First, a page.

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How to tell if that 'amazing' tech product on Facebook is really a good deal

You've seen the ads, many of which are quite compelling -- but here's what you don't know about some of these "magical" gadgets.

Say, this "Selfiedrone" looks an awful lot like the JJRC H37 Elfie -- which sells for close to half the price.


If you're a Facebook regular, you've probably seen your share of ads for some "amazing" tech products, the kind that leave users "totally blown away" and are on sale now for "incredible prices!"

More often than not, these ads are accompanied by some pretty compelling videos and a hard-to-bypass "Buy Now" button.

My advice: Think before you tap. Not all of these products are new, unique to Facebook or especially good deals.

Hey, I know that drone

For example, recently I spotted a video touting an "amazing" selfie-drone, with a smiling, happy girl showing how beautifully it hovers in place, how easy it is to fly and so on. It was a good video; it held my attention and got me thinking, "Hey, that does indeed look pretty sweet."

And familiar: The flier closely resembled one I'd written about before -- the JJRC H37 Elfie. And, sure enough, it was the exact same model, just with a different brand and moniker. (It's not uncommon for commodity products like this, which mostly come from China, to get rebranded by different sellers.)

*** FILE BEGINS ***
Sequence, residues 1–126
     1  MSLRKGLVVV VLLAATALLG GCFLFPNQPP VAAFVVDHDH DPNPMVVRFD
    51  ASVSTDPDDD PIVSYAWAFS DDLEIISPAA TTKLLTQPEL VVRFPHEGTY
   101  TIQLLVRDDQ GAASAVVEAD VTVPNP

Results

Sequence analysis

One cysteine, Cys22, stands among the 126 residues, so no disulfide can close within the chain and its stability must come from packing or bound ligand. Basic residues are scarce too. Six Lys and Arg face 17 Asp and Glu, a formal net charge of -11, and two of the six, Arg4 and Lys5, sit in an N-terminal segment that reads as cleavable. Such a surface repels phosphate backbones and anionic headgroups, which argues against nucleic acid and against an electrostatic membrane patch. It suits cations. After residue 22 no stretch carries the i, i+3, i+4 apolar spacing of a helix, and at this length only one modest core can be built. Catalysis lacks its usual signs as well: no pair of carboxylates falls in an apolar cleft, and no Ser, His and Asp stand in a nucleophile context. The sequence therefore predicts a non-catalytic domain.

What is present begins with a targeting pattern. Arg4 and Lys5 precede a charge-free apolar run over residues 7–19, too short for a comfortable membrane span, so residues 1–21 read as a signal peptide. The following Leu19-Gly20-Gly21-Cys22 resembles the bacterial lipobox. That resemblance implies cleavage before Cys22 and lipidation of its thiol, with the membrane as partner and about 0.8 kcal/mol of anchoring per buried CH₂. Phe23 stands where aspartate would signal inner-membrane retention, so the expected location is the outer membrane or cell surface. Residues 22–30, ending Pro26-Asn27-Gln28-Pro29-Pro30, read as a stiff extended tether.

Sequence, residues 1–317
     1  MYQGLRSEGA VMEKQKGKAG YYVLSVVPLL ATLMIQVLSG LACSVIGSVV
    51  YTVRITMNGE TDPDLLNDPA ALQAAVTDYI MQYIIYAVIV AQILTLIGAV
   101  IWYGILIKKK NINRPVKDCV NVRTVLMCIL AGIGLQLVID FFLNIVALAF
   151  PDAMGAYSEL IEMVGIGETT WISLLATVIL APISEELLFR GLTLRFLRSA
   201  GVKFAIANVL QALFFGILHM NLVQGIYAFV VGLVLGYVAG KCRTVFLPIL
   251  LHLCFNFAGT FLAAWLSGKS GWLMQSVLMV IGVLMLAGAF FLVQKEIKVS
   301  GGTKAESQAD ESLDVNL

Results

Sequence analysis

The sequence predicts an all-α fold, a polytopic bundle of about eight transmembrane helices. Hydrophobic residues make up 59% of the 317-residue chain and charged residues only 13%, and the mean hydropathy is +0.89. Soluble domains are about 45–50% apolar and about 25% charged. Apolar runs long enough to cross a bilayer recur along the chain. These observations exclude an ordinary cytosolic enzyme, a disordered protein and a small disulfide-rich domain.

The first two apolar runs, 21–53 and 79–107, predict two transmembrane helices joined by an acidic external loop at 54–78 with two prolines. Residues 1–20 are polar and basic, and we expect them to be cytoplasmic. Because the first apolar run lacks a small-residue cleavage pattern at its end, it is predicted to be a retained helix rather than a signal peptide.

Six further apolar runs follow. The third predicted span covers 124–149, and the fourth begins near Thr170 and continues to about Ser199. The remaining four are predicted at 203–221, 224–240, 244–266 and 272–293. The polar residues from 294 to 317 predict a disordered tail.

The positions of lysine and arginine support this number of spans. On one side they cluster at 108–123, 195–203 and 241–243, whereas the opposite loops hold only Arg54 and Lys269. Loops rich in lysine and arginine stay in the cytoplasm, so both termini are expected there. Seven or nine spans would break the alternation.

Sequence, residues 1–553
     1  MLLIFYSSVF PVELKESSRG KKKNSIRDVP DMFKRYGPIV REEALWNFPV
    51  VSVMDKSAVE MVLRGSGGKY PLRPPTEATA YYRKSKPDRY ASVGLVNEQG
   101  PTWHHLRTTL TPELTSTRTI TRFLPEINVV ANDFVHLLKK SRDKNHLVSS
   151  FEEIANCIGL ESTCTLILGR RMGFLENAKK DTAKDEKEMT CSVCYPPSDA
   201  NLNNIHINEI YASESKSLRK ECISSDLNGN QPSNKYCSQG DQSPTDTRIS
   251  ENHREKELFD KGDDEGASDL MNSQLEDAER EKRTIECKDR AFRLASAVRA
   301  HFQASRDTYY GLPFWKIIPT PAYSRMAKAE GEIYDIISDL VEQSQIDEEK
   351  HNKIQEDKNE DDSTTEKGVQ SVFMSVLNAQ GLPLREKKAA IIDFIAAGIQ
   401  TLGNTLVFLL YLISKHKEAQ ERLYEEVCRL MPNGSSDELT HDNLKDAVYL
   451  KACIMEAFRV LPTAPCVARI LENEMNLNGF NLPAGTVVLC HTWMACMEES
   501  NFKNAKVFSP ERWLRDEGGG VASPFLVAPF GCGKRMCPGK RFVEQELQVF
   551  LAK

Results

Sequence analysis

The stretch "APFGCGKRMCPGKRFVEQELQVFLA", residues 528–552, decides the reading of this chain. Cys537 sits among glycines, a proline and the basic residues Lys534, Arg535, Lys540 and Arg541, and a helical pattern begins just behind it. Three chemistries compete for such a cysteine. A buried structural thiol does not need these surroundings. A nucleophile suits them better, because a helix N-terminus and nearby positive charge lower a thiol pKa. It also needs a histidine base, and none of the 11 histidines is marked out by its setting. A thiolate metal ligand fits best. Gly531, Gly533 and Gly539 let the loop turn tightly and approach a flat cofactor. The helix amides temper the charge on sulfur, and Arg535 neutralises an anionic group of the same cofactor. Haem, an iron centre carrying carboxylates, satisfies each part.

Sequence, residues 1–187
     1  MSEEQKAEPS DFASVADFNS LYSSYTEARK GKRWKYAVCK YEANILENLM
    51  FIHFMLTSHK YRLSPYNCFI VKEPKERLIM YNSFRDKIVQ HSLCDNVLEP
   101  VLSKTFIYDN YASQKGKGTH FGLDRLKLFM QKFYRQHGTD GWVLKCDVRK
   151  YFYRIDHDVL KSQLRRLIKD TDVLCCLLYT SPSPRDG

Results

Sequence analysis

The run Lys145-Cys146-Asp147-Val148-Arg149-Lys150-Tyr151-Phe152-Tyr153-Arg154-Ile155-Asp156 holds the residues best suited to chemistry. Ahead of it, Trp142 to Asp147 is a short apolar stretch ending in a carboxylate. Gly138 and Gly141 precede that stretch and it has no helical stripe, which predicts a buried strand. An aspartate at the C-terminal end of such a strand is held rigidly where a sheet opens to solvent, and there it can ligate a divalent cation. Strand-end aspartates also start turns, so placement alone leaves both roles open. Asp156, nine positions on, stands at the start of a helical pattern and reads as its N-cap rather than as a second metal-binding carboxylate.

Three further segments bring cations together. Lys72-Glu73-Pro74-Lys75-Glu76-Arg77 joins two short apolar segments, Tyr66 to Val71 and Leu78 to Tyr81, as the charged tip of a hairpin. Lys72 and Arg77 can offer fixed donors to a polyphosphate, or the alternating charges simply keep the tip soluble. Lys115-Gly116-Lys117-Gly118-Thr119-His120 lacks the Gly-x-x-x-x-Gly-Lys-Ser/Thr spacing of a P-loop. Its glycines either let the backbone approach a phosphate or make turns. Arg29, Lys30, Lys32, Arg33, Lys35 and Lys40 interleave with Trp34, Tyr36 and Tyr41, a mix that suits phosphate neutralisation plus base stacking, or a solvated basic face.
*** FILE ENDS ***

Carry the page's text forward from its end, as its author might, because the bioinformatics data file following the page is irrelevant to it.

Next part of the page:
In fact, despite seller Tomorrowstuff calling this the "Selfiedrone" (complete with trademark symbol!), you can see very clearly that "JJRC" is stamped on the top of the unit.

It'll blow you away how much you can save on an identical mount on Amazon, eBay and elsewhere.

Screenshot by Rick Broida/CNET

So what's going on here? Save for that trademarked name, which is weird, this is just some crafty marketing on the seller's part. And based on how often I see the ad, I suspect plenty of people are paying $89.99 for this drone.

Which, as I mentioned, you can get for a lot less: Amazon sells it for just under $50, and sites like Tomtop often offer it for even less (it's currently $36.99 shipped from the company's U.S. warehouse).

Note to self: Make a Facebook ad for a cool tech gadget, charge double, retire to tropical island.

Facebooker beware

I've seen similar videos for other gadgety products: LED valve caps, dashboard phone-mounts, those fidget-spinner things that are suddenly everywhere and so on. In every case, the Facebook seller was charging more than you'd pay elsewhere, at least if you shopped around a bit.

For example, the Nato Mount is a universal dashboard mount, with an adhesive magnetic disc and a pair of steel plates that you stick to the back of your phone (or inside of your case). Price for one: $19.99. I checked Amazon for the same product and, sure enough, it was $19.99 there as well.

But the Nato Mount is virtually identical to dozens of similar products -- including this one from WizGear, which sells for $8.99.

The LED valve caps? Facebook seller charges $21.99 for a set of six; without breaking a sweat, I found a 20-pack (!) of the exact same product for $15.99.

So, yeah: The moral of the story is, if you see something like in a Facebook ad, don't be swayed by the breathless enthusiasm ("This product changed my life!") or claims of total newness. Instead, hit up other online stores and look for the same thing. Chances are good you'll find it, and probably for a lot less.